Outlook Could an infusion of women on to trading floors be the catalyst to reform the toxic culture that led to the Libor interest rate scandal, not to mention a string of others down the years? It's one of the more intriguing suggestions made by the Parliamentary Commission on Banking Standards, which wants banks to publish figures and fix any imbalance that is revealed.
There is, firstly, an important point of principle here. If those figures do show an imbalance it would suggest banks are engaging in discrimination in their hiring practices. That's not only short-sighted and stupid from a purely commercial standpoint, it's unconscionable from a moral standpoint and should be corrected.
However, another reason for an imbalance may be that many women simply don't like the idea of working in the culture that exists on trading floors. Actively encouraging more women on to them could simply mean banks finding women who can thrive in that sort of culture; who can be as rotten as the men, or worse. After all, male traders don't necessarily have a monopoly on being bad. Nor do male businessmen. You only need to watch an episode of The Apprentice to see that.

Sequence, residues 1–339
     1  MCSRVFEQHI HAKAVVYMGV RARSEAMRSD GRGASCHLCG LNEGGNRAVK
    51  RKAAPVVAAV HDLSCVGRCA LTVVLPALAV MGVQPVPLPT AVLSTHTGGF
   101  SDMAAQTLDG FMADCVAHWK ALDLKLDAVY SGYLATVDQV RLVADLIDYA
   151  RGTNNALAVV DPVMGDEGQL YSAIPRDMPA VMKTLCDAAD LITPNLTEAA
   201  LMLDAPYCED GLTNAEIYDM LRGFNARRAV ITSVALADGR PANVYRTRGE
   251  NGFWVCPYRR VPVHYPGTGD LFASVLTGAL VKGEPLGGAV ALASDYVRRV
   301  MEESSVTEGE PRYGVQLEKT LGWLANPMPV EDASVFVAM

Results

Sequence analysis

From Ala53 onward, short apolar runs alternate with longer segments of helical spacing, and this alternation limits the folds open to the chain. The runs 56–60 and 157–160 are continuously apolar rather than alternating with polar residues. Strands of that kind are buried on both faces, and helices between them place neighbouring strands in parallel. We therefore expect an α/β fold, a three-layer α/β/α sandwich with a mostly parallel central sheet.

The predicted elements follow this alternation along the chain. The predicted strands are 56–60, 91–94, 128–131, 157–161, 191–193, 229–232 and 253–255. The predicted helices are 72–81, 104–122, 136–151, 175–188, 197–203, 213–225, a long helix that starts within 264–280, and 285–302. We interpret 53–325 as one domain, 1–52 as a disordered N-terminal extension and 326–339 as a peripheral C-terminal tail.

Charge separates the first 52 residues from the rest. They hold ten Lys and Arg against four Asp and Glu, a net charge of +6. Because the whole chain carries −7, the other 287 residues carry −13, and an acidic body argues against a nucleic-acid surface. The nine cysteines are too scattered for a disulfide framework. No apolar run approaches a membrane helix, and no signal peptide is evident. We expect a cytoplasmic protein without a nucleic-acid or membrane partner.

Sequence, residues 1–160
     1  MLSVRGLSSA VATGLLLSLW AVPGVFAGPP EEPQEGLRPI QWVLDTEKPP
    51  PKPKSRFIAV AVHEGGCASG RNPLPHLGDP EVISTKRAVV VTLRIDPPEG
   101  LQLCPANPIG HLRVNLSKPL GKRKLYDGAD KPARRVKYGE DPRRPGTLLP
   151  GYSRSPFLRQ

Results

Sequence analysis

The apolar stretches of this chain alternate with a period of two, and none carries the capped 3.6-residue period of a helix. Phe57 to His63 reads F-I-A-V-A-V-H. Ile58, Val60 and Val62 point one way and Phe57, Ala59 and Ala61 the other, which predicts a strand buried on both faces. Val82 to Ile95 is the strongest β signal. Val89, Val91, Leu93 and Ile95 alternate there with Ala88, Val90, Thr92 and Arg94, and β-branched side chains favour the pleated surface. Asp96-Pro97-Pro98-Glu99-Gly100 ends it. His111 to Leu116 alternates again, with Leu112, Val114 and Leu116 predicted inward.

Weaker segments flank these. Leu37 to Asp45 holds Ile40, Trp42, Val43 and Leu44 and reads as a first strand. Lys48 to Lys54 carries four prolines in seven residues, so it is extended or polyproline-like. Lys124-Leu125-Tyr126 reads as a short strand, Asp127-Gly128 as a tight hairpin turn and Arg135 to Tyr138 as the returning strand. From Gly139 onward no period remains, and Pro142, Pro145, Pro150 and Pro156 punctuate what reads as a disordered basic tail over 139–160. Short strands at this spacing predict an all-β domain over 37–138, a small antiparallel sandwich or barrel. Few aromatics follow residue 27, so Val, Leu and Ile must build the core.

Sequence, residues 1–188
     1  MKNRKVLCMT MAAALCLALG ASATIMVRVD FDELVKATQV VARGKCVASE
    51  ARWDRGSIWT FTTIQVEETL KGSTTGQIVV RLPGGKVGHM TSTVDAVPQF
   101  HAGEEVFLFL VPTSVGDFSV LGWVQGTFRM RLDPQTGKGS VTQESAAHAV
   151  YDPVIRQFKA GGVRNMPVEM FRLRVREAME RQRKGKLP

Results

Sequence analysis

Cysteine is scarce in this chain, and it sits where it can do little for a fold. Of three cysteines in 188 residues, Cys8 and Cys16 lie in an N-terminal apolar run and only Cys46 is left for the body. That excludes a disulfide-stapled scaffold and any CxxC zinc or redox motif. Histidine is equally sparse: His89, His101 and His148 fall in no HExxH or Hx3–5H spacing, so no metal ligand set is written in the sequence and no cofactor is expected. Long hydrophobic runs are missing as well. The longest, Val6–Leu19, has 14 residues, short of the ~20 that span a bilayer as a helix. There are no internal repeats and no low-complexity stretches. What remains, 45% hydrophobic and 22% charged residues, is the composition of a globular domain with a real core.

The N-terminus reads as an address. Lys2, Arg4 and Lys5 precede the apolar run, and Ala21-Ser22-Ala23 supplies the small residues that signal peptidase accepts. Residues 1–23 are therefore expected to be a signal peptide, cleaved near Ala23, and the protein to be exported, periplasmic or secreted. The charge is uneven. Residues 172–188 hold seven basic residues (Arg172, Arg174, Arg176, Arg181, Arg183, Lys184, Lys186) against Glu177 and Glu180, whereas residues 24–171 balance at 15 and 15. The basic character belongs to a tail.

The problem with trading floors is not so much that they are populated by too many men, it is that they are populated by too many of the sort of people who succeed on trading floors as they are set up right now. A culture change is required, and it is far from clear that banking executives, even those who accept the need for one, know how to effect one.
As much as an influx of women, an influx of older people, both men and women, might help, particularly if they were put in positions of power and given licence to nip all the nastiness they see in the bud.
Trading floors need to become more attractive not just to women, but to people who'd normally be aghast at what has become all too normal on them – the sort of people who take one look at the current environment and decide it's not for them, no matter how many millions they could make.